Recent reports alleging that Marriott has "buyer's remorse" about the deal, while scintillating, don't seem very logical when you think of all the effort both Marriott and Starwood have put into making this deal a reality.
It could still be several weeks before the Marriott-Starwood deal is wrapped up — and much longer before the two companies are integrated — but travel buyers and travel management companies are wise to start preparing now for eventual negotiations with the bulked-up company.
The growth of select-service brands from the major hotel companies isn't slowing down at all, and for good reason: They're easier to finance, build, and there's a clear demand for them. In short, it's a clear sign that hotels are learning to listen to what customers really want, as well as adapt to the new on-demand economy.
Again, we have to ask: Why aren't hotels doing more to prevent these kinds of credit card data breaches, and why does it take operators so long to inform their customers?
In China, anything is possible when it comes to antitrust clearance and there are a number of potential reasons why regulatory authorities there extended their review of the Marriott-Starwood merger. This prolonged waiting game could be part of a larger strategy to extract concessions and finish off part of what Anbang started in March.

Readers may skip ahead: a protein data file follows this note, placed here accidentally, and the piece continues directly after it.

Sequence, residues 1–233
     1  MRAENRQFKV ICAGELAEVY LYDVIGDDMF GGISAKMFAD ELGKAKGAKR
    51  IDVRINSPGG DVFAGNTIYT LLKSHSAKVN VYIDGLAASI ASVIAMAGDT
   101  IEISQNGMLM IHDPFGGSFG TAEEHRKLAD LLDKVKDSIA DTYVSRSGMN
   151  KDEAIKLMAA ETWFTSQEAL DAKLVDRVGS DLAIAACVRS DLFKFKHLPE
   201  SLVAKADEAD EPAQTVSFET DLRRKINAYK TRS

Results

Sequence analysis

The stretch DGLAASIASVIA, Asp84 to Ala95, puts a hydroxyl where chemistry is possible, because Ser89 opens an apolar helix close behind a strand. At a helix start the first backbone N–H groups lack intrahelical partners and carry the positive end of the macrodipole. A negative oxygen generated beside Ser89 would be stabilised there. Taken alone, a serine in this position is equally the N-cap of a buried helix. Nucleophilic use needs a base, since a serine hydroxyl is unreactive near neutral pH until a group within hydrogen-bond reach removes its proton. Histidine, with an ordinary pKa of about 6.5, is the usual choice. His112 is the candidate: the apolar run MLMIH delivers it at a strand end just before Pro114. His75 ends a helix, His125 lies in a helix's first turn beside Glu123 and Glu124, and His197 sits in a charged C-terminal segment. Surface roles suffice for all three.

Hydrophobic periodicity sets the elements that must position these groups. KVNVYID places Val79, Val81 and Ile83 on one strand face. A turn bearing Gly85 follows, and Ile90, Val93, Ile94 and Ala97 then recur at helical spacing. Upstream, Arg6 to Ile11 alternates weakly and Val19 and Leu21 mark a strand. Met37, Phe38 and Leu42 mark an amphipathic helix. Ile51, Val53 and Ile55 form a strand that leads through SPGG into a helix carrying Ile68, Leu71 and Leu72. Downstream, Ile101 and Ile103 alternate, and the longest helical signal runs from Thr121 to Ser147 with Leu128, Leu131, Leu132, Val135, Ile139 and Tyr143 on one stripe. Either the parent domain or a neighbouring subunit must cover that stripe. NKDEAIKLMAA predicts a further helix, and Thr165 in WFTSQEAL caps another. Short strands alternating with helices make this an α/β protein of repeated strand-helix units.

You're probably wondering — as are we — if this delay in Chinese regulatory approval of the Marriott-Starwood deal has something to do with the fact that one of China's largest insurance companies tried to buy Starwood earlier this year in a dramatic bidding war, only to step away at the 11th hour, reportedly because Chinese regulators frowned on the idea. We'll certainly be looking into this more.
There's little question better hotels will open in Cuba. The only issue is how soon.
Soon, Marriott's leadership will begin the task of deciding which Starwood brands will exist going forward. Until then, the hotel giant is working to create a better technology platform for its properties to serve guests with.
You would think hoteliers would have learned a few things from their foray with Travelweb in the early 2000s but, as Room Key shows, they obviously did not.
Last year marked a pivotal moment in terms of keyless room technology, as Starwood, Hilton, Marriott, and other brands announced investments in the mobile tech. And while there is consumer uptake, this still feels like a transitional technology that has us asking: What's next?